Addressing the important error of missing surgical items in an operated patient

Sergio Susmallian, Royi Barnea, Bella Azaria, Martine Szyper-Kravitz

Research output: Contribution to journalArticlepeer-review

Abstract

Background: We aim to analyze the characteristics of incidences of missing surgical items (MSIs) and to examine the changes in MSI events following the implementation of an MSI prevention program. Methods: All surgical cases registered in our medical center from January 2014 to December 2019 were retrospectively analyzed. Results: Among 559,910 operations, 154 MSI cases were reported. Mean patient age was 48.67 years (standard deviation, 20.88), and 56.6% were female. The rate of MSIs was 0.259/1000 cases. Seventy-seven MSI cases (53.10%) had no consequences, 47 (32.41%) had mild consequences, and 21 (14.48%) had severe consequences. These last 21 cases represented a rate of 0.037/1000 cases. MSI events were more frequent in cardiac surgery (1.82/1000 operations). Textile elements were the most commonly retained materials (28.97% of cases). In total, 15.86% of the cases were not properly reported. The risk factors associated with MSIs included body mass index (BMI) above 35 kg/m2 and prolonged operative time. After the implementation of the institutional prevention system in January 2017, there was a gradual decrease in the occurrence of severe events despite an increase in the number of MSIs. Conclusion: Despite the increase in the rate of MSIs, an implemented transparency and reporting system helped reduce the cases with serious consequences. To further prevent the occurrence of losing surgical elements in a surgery, we recommend educating OR staff members about responsibility and obligation to report all incidents that are caused during an operation, to develop an event reporting system as well as "rituals" within the OR setting to increase the team's awareness to MSIs. Trial registration Clinicaltrials.gov (NCT04293536). Date of registration: 08.01.2021. https://clinicaltrials.gov/ct2/show/NCT04293536.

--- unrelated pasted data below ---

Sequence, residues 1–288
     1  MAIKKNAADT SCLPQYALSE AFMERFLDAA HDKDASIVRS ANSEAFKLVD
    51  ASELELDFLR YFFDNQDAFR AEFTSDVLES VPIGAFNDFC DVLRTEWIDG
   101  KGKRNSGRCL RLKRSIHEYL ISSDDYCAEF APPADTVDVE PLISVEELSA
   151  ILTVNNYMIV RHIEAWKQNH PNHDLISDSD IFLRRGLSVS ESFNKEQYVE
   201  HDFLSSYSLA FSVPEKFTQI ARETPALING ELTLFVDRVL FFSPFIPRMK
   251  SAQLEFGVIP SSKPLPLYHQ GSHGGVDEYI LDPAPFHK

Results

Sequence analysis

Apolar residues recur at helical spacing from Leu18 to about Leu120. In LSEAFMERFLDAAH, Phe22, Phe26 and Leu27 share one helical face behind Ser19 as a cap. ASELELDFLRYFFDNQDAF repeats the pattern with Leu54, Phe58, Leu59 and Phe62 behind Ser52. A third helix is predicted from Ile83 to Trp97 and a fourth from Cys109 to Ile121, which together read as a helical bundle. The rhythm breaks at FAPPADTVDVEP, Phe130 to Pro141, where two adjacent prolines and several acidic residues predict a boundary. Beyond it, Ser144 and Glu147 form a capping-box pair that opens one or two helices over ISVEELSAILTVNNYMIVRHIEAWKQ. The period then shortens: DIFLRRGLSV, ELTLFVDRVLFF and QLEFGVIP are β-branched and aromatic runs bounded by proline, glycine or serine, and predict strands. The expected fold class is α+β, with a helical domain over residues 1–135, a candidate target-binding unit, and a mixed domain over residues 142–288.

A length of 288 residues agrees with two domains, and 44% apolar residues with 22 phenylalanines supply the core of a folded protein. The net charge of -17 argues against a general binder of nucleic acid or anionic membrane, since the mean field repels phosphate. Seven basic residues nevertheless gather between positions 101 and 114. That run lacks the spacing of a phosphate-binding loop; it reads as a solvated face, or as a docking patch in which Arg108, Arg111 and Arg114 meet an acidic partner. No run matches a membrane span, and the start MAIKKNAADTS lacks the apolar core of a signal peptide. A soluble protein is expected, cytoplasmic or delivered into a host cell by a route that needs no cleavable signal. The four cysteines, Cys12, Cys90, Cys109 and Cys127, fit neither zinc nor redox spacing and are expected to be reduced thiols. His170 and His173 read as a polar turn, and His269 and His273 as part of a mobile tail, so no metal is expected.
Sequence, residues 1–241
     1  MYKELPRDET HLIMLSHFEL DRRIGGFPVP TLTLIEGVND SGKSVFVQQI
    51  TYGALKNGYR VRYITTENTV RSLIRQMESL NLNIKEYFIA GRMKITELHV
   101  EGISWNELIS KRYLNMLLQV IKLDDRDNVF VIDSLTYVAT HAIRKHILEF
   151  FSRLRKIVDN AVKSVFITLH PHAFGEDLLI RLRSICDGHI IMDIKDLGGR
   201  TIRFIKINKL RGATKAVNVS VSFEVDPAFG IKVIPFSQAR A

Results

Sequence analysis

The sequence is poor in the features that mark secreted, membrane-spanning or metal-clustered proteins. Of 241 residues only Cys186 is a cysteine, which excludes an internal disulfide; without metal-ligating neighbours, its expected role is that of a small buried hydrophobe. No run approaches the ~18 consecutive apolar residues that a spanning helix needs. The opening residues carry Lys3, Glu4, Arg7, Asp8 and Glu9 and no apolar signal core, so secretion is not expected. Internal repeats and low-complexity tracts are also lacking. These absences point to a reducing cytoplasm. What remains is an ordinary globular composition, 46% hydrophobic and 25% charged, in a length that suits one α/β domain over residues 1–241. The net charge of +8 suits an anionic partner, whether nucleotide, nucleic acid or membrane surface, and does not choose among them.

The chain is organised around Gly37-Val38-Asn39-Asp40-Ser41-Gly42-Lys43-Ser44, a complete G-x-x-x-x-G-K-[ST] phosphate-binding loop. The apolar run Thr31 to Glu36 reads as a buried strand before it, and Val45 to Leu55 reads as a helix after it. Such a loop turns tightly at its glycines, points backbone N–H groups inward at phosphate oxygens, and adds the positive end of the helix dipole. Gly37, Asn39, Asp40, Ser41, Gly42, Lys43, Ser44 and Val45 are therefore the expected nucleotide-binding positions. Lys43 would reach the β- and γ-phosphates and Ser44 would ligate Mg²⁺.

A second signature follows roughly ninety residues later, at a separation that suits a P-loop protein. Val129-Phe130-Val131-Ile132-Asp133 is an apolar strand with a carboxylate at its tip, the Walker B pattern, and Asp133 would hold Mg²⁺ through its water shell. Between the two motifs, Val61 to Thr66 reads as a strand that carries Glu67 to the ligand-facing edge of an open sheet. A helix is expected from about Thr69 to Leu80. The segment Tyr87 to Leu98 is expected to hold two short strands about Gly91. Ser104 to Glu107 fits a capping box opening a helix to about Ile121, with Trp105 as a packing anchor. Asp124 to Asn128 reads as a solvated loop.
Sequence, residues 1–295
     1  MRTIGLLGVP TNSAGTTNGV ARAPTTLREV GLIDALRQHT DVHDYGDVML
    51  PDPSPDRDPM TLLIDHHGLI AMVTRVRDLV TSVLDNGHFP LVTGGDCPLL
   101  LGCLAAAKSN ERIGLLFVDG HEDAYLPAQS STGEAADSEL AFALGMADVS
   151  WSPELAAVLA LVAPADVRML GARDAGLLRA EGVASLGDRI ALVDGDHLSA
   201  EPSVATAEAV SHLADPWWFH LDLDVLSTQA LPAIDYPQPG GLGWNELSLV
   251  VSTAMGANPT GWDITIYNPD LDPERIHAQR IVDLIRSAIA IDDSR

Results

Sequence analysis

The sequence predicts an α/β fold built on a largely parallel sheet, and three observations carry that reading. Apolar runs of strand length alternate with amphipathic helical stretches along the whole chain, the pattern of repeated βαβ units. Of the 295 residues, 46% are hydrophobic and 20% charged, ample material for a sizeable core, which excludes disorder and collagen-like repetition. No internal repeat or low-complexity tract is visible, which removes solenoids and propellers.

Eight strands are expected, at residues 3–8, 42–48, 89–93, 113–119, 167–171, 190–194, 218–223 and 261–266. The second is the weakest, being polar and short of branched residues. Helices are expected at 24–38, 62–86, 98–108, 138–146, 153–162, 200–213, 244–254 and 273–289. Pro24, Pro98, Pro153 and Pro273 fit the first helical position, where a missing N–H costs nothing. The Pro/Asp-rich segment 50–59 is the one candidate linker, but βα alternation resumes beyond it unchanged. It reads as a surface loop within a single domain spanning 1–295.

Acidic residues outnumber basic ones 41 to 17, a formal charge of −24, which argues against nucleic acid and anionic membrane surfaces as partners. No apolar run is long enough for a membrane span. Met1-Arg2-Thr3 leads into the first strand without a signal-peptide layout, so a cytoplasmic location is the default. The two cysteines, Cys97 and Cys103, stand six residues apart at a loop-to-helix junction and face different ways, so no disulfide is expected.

Original languageEnglish
Article number19
JournalIsrael Journal of Health Policy Research
Volume11
Issue number1
DOIs
StatePublished - 1 Dec 2022

Keywords

  • Complications
  • Never events
  • Retained surgical items

ASJC Scopus subject areas

  • Health Policy
  • Public Health, Environmental and Occupational Health

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